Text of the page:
In general, governments should avoid doing these things. They typically do not help the people that they are meant to help. It may be necessary to set price floors such as minimum wages to avoid social strife, but it is generally not a good idea to do this sort of thing any more than necessary.
When the government sets a minimum wage, for example, it tells business owners that they must pay more than they think an employee is worth. If an employee were worth more (in terms of the money they bring in to the business) they would typically be paid more. By forcing businesses to pay more than employees are worth, the government is making it more likely that owners will cut back on the number of people they hire. They will try to make do with fewer employees so as to avoid raising prices for their customers.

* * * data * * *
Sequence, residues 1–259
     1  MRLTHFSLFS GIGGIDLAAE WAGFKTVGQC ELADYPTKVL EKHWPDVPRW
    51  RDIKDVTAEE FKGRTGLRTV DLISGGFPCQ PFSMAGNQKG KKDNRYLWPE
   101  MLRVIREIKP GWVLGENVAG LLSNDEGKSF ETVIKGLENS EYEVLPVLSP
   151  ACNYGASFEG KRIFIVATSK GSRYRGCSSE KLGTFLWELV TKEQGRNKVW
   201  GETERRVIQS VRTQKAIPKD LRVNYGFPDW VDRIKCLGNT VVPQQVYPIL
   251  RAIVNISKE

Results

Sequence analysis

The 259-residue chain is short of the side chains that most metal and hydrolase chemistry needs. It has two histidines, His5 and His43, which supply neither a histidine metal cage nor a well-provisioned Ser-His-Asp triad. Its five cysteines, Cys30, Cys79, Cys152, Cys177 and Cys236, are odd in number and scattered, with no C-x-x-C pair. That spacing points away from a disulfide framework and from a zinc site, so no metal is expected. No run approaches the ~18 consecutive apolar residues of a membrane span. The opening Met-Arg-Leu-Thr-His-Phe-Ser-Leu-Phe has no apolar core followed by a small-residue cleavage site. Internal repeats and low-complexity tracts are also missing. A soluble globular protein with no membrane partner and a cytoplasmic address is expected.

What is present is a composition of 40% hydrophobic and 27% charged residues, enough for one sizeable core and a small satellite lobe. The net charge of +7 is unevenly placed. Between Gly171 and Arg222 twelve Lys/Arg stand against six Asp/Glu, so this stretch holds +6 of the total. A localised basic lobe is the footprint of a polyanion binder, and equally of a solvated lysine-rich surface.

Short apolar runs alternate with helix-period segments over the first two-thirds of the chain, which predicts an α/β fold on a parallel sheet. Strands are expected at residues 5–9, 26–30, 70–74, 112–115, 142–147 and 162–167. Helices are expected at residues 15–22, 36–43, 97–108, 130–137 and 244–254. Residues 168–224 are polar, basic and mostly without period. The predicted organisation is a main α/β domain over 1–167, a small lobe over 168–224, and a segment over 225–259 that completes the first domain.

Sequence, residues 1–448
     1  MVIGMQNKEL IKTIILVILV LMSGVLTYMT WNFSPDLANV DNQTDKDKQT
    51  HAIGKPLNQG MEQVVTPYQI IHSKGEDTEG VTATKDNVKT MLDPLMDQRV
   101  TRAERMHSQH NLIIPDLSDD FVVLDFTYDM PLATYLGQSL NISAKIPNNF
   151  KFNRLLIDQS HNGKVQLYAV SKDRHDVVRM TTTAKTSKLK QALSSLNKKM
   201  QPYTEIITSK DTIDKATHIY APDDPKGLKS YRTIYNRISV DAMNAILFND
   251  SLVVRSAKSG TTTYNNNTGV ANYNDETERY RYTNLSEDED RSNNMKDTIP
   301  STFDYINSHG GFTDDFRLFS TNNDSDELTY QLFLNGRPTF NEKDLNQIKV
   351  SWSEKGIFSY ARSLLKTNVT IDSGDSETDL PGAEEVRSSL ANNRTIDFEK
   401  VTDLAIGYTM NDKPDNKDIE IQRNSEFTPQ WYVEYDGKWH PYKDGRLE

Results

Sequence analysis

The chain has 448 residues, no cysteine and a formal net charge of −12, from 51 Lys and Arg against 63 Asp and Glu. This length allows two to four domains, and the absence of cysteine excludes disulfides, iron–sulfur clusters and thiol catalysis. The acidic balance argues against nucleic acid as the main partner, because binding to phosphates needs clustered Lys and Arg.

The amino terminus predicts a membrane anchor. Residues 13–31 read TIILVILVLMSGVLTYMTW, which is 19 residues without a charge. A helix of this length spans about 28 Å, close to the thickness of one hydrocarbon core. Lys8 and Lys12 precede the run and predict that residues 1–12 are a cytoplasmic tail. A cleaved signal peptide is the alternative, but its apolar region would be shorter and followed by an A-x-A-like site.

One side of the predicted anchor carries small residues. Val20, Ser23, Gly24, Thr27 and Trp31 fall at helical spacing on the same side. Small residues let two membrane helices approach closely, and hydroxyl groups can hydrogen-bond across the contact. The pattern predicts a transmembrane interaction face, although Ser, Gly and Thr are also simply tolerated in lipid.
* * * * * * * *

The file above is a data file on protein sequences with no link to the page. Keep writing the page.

Similar things happen when the government sets price ceilings. It typically drives suppliers out of a market. By doing so, it makes the commodity less available even though its goal was to make it more available.
For these reasons, economists say that the government should avoid setting artificial price floors or ceilings.